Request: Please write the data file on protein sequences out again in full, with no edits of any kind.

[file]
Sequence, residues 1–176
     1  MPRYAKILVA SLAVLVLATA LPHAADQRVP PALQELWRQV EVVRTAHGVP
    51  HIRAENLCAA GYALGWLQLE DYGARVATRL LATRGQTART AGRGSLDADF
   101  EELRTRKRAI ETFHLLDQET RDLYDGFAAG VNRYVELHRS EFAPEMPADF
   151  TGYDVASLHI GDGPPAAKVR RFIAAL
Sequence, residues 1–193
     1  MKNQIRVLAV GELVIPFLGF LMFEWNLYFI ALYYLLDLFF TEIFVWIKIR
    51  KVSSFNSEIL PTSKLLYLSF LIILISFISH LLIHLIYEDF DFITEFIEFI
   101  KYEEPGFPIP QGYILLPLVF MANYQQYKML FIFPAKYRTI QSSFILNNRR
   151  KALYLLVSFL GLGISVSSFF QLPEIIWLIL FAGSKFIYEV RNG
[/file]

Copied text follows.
Sequence, residues 1–176
     1  MPRYAKILVA SLAVLVLATA LPHAADQRVP PALQELWRQV EVVRTAHGVP
    51  HIRAENLCAA GYALGWLQLE DYGARVATRL LATRGQTART AGRGSLDADF
   101  EELRTRKRAI ETFHLLDQET RDLYDGFAAG VNRYVELHRS EFAPEMPADF
   151  TGYDVASLHI GDGPPAAKVR RFIAAL
Sequence, residues 1–193
     1  MKNQIRVLAV GELVIPFLGF LMFEWNLYFI ALYYLLDLFF TEIFVWIKIR
    51  KVSSFNSEIL PTSKLLYLSF LIILISFISH LLIHLIYEDF DFITEFIEFI
   101  KYEEPGFPIP QGYILLPLVF MANYQQYKML FIFPAKYRTI QSSFILNNRR
   151  KALYLLVSFL GLGISVSSFF QLPEIIWLIL FAGSKFIYEV RNG